Reading a Harvey tale is like watching a gritty television crime drama. He combines
a fast-paced, staccato plot with anguished and insecure characters and strafes it with an intimate sense of the human condition. On
the gritty streets of London, DCI Karen Shields is plunged into the landscape of the battered and stabbed. This is a city where numerous shootings have only added to the appearance of drug deals gone sour.
In Good Bait, the environment is tough, the members of the London Constabulary weather-beaten and adaptive, a notion put to the test when Karen is called to an icy pond on Hampstead Heath.
As the first responders gingerly break the ice in a broad circle, a young manís face floats closer to the shore, his body stripped naked with two knife wounds in his back. Just as the fresh snow flutters moth-like, Karen is already coordinating with Tasking Office and Mike Ramsden, her "bag man aide-de-camp and her sergeant at arms."
Under London's snowy grey sky, the young manís identity remains an enigma. Unbelievably for someone his age, thereís no traceable account on Facebook or other social networking sites, as though the boy had severed all traces with his past until his body surfaced on that frozen December morning. Before Karen can bring to justice those linked to the crime, the focus turns to DI Trevor Cordon in Penzance and his search for a dug-addled woman called Maxine Carlin, the mother of Letitia/Rose Carlin, who was also known as a registered heroin addict.
With Rose missing, Maxine reportedly went to London to find her but never followed through. Before long even Maxine is lost, an apparent suicide. When Carlin reads in
The Cornishman that a woman was fatally injured after falling under a Tube train at Finsbury park, his first reaction is that it is none of his business,
even as he becomes evermore obsessed with Letitia's smiling young face. Cordon remains haunted by opportunities not taken. There's little enough love in his life and little enough to abandon, a notion well-tested when Cordon discovers that Rose has a young child.
But life for Cordon such as it is must go on. Listing the help of his friend Jack Kiley, an ex-professional footballer who now ekes out a living as a private investigator, Cordon attempts to retrace both Maxine and Roseís final moments. In London, Karenís investigation unfolds in a middle-management haze. With questions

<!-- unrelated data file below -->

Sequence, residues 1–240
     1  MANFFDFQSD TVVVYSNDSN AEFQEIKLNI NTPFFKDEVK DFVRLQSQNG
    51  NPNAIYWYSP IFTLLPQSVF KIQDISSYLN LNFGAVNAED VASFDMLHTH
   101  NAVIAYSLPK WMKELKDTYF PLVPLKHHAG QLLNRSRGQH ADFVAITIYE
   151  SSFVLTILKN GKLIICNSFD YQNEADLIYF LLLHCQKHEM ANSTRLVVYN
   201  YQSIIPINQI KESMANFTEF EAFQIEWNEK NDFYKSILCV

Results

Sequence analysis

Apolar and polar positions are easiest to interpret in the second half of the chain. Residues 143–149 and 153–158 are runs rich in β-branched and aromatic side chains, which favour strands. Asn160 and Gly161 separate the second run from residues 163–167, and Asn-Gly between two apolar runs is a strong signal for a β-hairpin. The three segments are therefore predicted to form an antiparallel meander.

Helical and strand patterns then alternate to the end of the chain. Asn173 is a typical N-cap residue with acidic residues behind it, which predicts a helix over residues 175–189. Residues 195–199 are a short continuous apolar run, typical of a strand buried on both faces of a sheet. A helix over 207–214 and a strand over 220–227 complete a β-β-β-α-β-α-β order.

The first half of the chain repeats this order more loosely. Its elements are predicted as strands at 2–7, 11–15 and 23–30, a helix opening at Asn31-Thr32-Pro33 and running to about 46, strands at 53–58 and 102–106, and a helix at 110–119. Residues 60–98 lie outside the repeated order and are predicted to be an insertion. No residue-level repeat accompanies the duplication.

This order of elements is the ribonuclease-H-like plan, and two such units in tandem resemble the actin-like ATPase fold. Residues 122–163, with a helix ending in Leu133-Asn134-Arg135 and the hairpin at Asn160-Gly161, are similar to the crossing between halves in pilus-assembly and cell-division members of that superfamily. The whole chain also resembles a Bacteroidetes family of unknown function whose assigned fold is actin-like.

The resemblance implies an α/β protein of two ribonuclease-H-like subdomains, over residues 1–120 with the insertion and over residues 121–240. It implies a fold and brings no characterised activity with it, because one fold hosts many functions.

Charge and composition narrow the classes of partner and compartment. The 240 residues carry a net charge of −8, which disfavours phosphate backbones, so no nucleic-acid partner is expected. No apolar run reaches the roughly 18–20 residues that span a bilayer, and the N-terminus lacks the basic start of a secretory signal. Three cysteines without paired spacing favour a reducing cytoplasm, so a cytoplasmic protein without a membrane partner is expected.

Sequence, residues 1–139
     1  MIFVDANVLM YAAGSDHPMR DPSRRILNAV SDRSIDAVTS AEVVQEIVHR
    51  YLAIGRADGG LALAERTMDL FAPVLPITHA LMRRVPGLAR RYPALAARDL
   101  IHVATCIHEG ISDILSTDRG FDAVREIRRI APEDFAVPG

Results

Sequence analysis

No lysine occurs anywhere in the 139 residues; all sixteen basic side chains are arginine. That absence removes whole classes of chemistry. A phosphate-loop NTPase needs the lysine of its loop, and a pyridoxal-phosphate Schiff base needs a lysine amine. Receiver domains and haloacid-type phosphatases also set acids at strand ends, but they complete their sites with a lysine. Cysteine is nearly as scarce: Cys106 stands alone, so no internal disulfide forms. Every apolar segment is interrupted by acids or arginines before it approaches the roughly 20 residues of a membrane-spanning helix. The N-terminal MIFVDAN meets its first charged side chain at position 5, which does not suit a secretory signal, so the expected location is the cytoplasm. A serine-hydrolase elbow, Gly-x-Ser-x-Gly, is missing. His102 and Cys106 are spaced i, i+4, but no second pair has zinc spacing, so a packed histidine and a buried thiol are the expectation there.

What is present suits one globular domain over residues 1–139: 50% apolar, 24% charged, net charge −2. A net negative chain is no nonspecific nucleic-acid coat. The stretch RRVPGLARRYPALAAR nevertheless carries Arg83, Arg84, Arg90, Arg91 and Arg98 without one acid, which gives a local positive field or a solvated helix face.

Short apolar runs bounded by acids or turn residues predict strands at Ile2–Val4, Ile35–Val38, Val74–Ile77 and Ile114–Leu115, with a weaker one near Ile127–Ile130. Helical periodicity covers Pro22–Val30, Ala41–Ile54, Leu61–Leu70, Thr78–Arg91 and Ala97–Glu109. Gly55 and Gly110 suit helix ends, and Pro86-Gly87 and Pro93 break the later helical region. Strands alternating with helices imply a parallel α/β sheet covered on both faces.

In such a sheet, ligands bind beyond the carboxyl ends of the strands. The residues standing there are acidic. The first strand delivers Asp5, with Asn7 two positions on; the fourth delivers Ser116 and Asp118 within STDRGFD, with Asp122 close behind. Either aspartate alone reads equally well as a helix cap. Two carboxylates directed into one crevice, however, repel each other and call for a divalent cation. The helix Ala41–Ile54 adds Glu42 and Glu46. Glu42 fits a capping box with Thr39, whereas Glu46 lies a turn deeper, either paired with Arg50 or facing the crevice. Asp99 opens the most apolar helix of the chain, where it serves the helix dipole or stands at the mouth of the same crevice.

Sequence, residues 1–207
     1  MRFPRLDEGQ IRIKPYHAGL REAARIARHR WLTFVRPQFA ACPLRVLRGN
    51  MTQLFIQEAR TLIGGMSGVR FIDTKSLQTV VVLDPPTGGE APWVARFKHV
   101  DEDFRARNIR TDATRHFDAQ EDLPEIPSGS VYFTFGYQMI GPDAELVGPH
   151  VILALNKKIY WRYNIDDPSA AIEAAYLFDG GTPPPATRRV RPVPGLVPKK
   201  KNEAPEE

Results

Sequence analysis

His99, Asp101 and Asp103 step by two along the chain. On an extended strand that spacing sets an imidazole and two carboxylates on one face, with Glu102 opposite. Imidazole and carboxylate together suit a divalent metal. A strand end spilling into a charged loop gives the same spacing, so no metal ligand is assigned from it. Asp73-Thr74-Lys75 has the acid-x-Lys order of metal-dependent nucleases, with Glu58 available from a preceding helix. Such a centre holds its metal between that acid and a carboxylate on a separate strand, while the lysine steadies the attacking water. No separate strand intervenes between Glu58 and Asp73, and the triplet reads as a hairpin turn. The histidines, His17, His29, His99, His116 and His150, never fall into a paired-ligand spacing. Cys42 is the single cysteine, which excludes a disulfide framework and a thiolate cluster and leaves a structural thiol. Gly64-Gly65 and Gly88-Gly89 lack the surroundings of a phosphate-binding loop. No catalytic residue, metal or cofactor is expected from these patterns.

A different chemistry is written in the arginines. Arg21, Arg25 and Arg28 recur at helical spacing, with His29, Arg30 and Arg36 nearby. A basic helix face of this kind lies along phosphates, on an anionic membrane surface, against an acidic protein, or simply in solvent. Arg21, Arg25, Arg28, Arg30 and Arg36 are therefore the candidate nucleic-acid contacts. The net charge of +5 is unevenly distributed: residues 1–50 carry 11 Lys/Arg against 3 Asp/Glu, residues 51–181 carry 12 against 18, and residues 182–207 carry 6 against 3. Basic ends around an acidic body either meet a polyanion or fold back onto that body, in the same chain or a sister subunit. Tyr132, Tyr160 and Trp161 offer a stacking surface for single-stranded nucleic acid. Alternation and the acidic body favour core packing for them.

at best half-answered and often leading into blind alleys of inquiry, Karen feels as though sheís being banged relentlessly against a brick wall. The message is clear: donít take this case too far, or suffer the consequences from people in high places.
When the body of a local drug dealer is found jammed into the lift of a high-rise off Tottenham High road, Karen is stimulated by the knowledge that South London gangs are perhaps behind the murder of the boy in the pond. When the evidence points to local criminal Martin Costello, Karenís instincts
prove to be right, though sheís frustrated at not having a shred of proof. Mike Ramsden tells Karen to follow her gut after she figures out that a bent Ukrainian is somehow connected to money laundering and a human trafficking scam, which is in turn linked to Cordonís case.
Unlike the traditional missing-persons thriller, Harveyís story tunnels into London and Penzance, his tale unfolding in great bursts of activity and lots of gritty, street-wise dialog. While Good Bait is not the most sophisticated of police procedurals, the author never flinches from describing the more grisly aspects of the investigation.
While Cordon faces a number of twists, we know that Karen will get to the bottom of her case, revealing police corruption, threats of violence, political agendas and a series of tough, compelling characters constantly undermined by their own emotional fragility.